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Psalm 30:8

ESV To you, O LORD, I cry, and to the Lord I plead for mercy:
NIV To you, LORD, I called; to the Lord I cried for mercy:
NASB To You, Lord, I called, And to the Lord I pleaded for compassion:
CSB Lord, I called to you; I sought favor from my Lord:
NLT I cried out to you, O Lord. I begged the Lord for mercy, saying,
KJV I cried to thee, O LORD; and unto the LORD I made supplication.

What does Psalm 30:8 mean?

David cries out to the Lord for mercy. This may have been the way he begged for God's mercy after making a sinful choice as king (1 Chronicles 21:7–17). While David was by no means sinless, he was keenly aware of his limitations. He acknowledged his need to be forgiven. This helps define the biblical concept of "mercy:" withholding what every sinner deserves. Grace, on the other hand, is when God provides something good which sinners do not deserve.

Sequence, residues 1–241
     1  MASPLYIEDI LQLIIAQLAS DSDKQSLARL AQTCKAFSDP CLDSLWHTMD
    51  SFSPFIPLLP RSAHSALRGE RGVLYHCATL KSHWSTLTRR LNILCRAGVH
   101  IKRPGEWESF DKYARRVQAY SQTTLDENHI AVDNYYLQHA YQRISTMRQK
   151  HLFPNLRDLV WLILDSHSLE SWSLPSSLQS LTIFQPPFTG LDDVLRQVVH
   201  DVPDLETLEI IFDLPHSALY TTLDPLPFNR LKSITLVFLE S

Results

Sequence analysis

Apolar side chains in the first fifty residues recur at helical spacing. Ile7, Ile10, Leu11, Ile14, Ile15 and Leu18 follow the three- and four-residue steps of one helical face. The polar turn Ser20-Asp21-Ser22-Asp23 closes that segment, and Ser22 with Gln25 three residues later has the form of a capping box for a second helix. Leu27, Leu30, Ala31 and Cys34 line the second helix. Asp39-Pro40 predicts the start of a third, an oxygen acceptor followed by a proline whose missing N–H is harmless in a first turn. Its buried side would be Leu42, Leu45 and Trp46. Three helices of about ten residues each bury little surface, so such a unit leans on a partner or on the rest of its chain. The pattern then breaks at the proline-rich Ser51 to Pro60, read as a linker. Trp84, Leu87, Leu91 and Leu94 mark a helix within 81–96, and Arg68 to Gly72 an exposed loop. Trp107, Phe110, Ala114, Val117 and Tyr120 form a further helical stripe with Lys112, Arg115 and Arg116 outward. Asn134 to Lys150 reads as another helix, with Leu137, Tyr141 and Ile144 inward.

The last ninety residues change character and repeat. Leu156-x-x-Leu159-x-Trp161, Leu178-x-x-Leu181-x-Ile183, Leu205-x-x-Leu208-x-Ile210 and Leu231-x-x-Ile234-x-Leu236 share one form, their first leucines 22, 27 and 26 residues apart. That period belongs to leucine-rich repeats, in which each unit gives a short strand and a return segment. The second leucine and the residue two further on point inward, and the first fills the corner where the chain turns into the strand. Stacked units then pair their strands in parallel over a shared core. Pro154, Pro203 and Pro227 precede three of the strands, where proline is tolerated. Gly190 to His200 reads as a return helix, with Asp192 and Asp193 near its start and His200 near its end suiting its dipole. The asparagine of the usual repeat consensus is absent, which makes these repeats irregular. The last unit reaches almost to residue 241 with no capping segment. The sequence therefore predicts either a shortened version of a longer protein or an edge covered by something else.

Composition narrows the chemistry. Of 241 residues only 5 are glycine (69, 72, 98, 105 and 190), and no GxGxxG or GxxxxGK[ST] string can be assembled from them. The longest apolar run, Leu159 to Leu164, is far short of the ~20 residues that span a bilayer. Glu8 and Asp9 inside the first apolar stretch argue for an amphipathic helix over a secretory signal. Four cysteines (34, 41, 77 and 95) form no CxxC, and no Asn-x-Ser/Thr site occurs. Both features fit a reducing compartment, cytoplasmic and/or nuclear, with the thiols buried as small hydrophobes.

Every sinner—meaning every person (Romans 3:10, 23)—deserves divine judgment. Romans 6:23 assures us, "The wages of sin is death, but the free gift of God is eternal life in Christ Jesus our Lord." If God were to mete out what every sinner deserves, hell would be everyone's destiny. Yet, in mercy, God withholds from believers what everyone deserves, and graciously imparts them with salvation which no one deserves (Titus 3:5). Jesus bore the punishment of sin on the cross and rose to life victorious; all who put their faith in Him are saved and given eternal life (Ephesians 2:1–10). Those who refuse God's gracious offer of salvation remain condemned (John 3:16–18, 36).

Jesus told a story about two men who entered the temple to pray (Luke 18:9–14). One was a tax collector; the other was a Pharisee. The Pharisee was consumed with a false sense of self-righteousness. His "thanks" to God was just a form of self-praise. God saw through the Pharisee's hypocrisy. There was no awareness of sin, so God did not forgive him. The tax collector, on the other hand prayed, "God, be merciful to me, a sinner," and God justified him. David was wise to plead for mercy.
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